Pastor’s Snake Death, The Stress Of Long-Term Unemployment, Wisconsin’s Role In The Black Hawk War

Air Date:
Heard On Central Time

One of the lingering effects of the Great Recession is long-term unemployment. In the first installment of WPR’s long-term unemployment series, a reporter looks at how an unsuccessful search for work can take a toll on the mind. Then Veronica Rueckert and Gene Purcell talk to a psychologist about the stress related to long-term unemployment. They learn about the role Wisconsin played in the Black Hawk War and discuss the death of a snake-handling pastor by snakebite..

Featured in this Show

  • Snake-Handling Pastor Shared Final Thoughts In Recent Interview

    The Rev. Jamie Coots, a Pentecostal pastor who handled snakes as part of church practice, died on Saturday after refusing medical attention for a fatal bite.

    Coots was a star of the National Geographic Channel’s “Snake Salvation” and his death has attracted national media attention.

    Wisconsin Public Radio producer Charles Monroe-Kane interviewed Coots only two weeks before his death for “To The Best Of Our Knowledge,” during which Coots embraced the possible fatality of his spiritual practice. In the interview, Coots said he didn’t want to die from a snake bite “because it brings persecution upon the church.”

    However, he said that if he had to die from a tragedy, “I rather, even though it’s going to bring persecution, (by) serpent … and everybody around me praying as (opposed) to in a car crash, and everybody standing around me cussing.”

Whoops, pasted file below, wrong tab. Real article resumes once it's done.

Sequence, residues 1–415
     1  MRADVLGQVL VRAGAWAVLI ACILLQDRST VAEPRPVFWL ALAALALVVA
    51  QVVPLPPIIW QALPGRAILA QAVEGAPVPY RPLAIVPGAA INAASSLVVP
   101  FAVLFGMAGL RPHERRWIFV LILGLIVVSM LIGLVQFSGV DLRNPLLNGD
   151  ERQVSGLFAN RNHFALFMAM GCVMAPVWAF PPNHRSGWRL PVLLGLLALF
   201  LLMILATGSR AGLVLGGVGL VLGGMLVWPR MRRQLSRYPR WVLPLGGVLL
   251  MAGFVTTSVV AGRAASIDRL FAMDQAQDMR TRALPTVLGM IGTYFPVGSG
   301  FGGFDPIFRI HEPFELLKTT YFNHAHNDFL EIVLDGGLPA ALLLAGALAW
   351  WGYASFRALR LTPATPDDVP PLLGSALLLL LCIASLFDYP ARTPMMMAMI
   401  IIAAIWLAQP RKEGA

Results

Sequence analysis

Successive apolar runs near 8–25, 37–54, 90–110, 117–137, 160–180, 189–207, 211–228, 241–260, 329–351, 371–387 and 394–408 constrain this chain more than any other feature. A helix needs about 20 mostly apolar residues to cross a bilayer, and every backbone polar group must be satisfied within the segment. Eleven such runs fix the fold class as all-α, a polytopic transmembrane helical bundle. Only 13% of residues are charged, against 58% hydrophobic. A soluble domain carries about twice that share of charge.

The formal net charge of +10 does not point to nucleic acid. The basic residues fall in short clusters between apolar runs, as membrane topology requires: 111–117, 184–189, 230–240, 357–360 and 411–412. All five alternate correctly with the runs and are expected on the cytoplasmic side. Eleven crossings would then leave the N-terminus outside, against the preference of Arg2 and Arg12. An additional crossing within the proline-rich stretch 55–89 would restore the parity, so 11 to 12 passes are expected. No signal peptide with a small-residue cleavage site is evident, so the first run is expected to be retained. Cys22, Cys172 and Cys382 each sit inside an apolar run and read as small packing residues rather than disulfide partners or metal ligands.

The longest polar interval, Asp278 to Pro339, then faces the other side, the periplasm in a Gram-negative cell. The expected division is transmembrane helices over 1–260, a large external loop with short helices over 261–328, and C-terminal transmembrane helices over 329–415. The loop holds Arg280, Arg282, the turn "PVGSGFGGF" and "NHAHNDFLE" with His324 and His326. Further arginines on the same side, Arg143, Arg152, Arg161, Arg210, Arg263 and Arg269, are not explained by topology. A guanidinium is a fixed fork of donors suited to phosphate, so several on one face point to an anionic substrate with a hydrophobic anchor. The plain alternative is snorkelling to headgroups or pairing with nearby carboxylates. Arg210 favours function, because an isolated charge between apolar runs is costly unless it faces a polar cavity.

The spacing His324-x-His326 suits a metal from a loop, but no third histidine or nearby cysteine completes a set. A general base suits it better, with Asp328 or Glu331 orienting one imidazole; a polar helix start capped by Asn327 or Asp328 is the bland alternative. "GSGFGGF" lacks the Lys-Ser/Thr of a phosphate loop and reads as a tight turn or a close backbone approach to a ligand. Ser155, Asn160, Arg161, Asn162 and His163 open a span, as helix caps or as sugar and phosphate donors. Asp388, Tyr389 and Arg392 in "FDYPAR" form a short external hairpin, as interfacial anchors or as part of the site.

In the wake of Coots’ death, Monroe-Kane expressed concern that the media had labeled him as someone who refused medical attention for religious reasons, which he said isn’t the case.

    “(Coots) goes to the hospital once a week for treatments for his asthma,” he said. “The reason they don’t get medical treatment is about being embarrassed … Those local hospitals would see them and see their failure and it wouldn’t bring grace to God.”

    Coots had been bit multiple times previously and even lost part of a finger. He said that injuries can happen “because you move too quickly … or you had something in your life that you shouldn’t have been handling at that time … maybe you just had an argument with your wife.”

    In spite of the ridicule that some might place on such religious practices, Coots insisted that his church wasn’t exceptional.

    “It’s no different than any other church except the small part of taking up serpents, which is not done as often as people think. Our main goal, like every other religion, is salvation,” he said.

    Listen to full “To The Best Of Our Knowledge” segment.

  • Snake Bite Kills Snake-Handling Preacher

    This weekend Jamie Coots, a preacher who handled snakes in church and was the subject of a reality show, died from a snakebite. Last week he spoke with a producer from To The Best Of Our Knowledge about the danger of handling snakes and how it fit into his faith. We hear some of that conversation and discuss it with the producer.

  • The Stress Of Long-Term Unemployment

    A clinical psychologist discusses some of the stress associated with long-term unemployment and what you can do to fight it.

  • Wisconsin Life: Black Hawk War

    An expert explains the role Wisconsin played in the Black Hawk War, which was the war that gave a young Abraham Lincoln his only military experience.

Episode Credits

  • Veronica Rueckert Host
  • Rob Ferrett Host
  • Charles Monroe-Kane Guest
  • Laurence Miller Guest
  • Robert Birmingham Guest
  • Amanda Magnus Producer